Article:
If there were ever a bona fide pop culture listicle compiled of places that added to Mumbai’s cultural reach, Blue Frog would be on it near the top. The iconic music venue at Todi Mills in Lower Parel appeared on the culture scene in 2007, changing it forever, and its demise this month has inspired more than a few tearful goodbyes.
It is not easy to explain Blue Frog’s contribution to Mumbai’s, and by extension, India’s independent music scene. Even before its advent, Mumbai was a city where music, in some form, had thrived. As journalist Sidharth Bhatia chronicles in his book India Psychedelic, the now-too-homely Shanmukhananda Hall in King’s Circle was once the stage for emerging rock and roll bands. Then there were the large open grounds, such as the one owned by the Maharashtra Housing and Area Development Authority in Bandra, which played host to international icons keen to test Indian waters.
But Blue Frog was special. It allowed the city’s people and innovative, ambitious musicians to discover each other in a cavernous, warehouse-like setting that boasted of excellent acoustics. It transformed the experience of live music.
It wasn’t just independent musicians who found visibility on the Frog’s stage, but also iconic Indian and international acts such as Zakir Hussain, Anoushka Shankar, Richard Bona, Imogen Heap, Indus Creed, Infected Mushroom, Karsh Kale, and Soulmate. That music festivals such as the NH7 Weekender and the Enchanted Valley Carnival have become successful today can, in part, be credited to the foundation laid by Blue Frog.
Agreed Midival Punditz, the inventive electronic duo from Delhi: “I think Blue Frog became an iconic name because it created a first of its kind, and an extremely essential, platform for artists to emerge into the limelight. Whether it were established names or upcoming ones, they all got a chance to show their talent. That’s something every growing scene needs, and India needed it the most.”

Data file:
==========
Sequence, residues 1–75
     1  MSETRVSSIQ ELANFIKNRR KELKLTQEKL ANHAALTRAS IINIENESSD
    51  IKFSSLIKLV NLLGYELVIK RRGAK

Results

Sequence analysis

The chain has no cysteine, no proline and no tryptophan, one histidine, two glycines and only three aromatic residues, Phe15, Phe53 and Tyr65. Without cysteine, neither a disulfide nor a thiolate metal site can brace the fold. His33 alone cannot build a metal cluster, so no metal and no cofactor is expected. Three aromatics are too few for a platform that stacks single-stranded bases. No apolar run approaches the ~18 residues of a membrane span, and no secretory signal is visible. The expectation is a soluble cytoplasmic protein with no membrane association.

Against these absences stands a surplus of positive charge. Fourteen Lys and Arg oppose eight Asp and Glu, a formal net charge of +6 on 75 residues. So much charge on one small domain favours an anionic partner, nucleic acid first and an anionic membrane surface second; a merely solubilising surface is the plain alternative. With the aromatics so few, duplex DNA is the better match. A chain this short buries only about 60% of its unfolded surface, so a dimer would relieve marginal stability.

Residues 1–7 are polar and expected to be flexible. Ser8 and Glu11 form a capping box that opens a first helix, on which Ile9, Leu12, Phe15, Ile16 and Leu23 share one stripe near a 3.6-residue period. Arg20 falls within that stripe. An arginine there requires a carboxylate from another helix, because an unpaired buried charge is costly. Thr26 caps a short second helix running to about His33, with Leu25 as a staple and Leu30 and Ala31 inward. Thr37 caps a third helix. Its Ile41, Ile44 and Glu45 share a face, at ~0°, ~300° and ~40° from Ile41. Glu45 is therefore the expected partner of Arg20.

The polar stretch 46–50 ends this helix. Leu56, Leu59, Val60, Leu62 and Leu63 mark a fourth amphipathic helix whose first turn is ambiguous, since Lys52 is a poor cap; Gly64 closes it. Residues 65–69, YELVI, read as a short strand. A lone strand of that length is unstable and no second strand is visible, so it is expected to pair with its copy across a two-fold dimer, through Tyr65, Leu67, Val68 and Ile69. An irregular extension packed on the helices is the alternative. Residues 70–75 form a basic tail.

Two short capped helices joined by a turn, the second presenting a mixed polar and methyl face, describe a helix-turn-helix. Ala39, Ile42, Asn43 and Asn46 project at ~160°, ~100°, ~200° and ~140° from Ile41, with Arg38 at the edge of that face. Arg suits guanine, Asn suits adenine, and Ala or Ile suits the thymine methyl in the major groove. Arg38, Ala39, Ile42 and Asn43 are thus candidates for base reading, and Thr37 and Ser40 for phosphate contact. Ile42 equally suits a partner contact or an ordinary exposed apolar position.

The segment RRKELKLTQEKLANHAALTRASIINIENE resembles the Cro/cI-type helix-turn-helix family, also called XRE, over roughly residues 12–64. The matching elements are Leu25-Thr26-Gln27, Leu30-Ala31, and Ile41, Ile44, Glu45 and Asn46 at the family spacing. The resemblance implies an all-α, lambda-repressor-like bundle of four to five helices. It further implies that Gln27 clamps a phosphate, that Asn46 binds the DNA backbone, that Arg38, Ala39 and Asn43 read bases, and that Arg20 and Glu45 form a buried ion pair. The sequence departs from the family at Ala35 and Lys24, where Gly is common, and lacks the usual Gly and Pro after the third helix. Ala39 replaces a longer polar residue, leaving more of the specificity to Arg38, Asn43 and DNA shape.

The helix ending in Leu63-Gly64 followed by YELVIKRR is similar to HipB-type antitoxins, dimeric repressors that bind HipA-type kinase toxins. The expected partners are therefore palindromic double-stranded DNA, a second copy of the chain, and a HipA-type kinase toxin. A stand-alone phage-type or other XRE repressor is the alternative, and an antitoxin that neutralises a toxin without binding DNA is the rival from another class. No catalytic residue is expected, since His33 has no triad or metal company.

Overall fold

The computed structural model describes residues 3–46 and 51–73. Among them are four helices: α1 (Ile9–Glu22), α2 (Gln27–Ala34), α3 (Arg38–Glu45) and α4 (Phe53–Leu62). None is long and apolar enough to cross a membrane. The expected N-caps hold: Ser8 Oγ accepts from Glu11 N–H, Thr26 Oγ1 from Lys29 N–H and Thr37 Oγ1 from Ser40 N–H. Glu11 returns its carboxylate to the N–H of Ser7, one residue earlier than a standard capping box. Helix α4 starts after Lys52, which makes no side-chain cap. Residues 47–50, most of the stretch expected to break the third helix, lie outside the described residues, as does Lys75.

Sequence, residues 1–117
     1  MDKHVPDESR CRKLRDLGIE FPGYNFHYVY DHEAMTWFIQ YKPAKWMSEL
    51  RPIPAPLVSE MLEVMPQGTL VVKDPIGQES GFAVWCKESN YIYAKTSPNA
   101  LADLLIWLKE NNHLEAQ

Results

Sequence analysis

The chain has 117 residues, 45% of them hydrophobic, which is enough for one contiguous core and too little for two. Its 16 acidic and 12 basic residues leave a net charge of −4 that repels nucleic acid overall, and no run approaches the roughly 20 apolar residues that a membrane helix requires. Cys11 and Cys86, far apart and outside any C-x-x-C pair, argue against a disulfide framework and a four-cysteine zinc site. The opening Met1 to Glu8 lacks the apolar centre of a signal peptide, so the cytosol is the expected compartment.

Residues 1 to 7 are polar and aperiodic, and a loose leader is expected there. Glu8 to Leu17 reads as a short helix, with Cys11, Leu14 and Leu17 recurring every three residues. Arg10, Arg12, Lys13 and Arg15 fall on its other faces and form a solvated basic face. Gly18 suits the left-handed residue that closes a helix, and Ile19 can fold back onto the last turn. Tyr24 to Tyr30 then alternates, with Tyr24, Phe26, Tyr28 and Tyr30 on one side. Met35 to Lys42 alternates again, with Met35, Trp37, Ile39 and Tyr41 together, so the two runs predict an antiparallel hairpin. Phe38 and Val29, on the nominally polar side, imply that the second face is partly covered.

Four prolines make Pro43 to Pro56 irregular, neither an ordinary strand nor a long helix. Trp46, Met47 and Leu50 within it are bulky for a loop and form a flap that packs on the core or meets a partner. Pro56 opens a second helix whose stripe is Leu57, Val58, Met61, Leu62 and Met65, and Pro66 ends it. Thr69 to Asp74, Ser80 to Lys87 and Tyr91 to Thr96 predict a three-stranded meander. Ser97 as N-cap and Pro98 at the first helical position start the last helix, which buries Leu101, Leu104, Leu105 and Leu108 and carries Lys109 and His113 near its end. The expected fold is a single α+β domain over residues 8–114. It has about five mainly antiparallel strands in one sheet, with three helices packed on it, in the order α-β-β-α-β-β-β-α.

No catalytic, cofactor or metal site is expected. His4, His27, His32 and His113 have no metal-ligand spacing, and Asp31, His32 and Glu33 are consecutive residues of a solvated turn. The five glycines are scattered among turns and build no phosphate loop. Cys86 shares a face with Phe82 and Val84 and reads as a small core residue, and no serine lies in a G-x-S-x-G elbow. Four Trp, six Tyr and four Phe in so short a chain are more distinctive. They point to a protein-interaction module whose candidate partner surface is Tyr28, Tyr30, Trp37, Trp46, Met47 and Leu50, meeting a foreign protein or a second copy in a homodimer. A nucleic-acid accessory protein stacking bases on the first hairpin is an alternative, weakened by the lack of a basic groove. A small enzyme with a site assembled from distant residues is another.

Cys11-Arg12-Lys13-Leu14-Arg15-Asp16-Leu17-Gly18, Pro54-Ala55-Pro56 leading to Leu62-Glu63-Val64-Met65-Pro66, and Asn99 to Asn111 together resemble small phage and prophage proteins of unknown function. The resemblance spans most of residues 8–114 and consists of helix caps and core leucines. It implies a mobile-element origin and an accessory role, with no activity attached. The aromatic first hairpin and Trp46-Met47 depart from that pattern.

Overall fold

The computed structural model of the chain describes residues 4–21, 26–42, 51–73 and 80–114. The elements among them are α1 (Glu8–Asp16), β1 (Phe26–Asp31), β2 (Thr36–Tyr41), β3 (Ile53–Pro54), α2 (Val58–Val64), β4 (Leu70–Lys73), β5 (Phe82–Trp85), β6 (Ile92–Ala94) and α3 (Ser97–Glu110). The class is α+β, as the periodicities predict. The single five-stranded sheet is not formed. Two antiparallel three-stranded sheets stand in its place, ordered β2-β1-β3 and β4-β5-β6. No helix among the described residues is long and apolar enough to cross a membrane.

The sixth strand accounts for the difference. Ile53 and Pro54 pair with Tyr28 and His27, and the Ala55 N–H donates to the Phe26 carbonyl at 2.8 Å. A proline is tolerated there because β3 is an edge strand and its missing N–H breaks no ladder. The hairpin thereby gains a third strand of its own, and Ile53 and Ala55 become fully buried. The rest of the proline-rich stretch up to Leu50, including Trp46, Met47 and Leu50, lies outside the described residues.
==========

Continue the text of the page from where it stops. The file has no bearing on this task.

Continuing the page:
When early in August Blue Frog announced its departure, there was a visible reaction. It felt tragic to bid another goodbye, not long after witnessing the closure of Rhythm House, an iconic music store at Kala Ghoda.
Sumer Vaswani, managing director of Blue Frog, explains the reason for the closure. “We had been in the Todi Mills compound for nine years – actually 10, if you count the one year it took us to build the venue – and it was time for a change. The choice was between staying here, closing and renovating the premise, and moving out. We chose the latter. Given that this area has become a lot congested, we decided to take into account a smooth customer experience while making the decision.”
It is true that after years of exclusivity, Blue Frog had to jostle for attention with newer, hipper bars such as Todi Mill Social and Hoppipolla, in the area.
Mahesh Mathai, who co-founded Blue Frog and today serves as an advisor to it, remembers the time when the Blue Frog had a distinct status. “There was only one other venue in the city back then, which was Not Just Jazz by the Bay [today, Pizza by the Bay – a non-musical pizza house]. It had a tiny stage and terrible sound, but we were there all the time because that was the only place that had live gigs. When Blue Frog began, we were the only venue – and probably still are – to have built a proper stage, and sound and acoustic treatment.”
Blue Frog was engineered – with a biggish stage and an operatic surrounding – in a manner that sound could travel across the room. A gig experience at the Frog was hassle-free. Ask the musicians, and they echo this sentiment.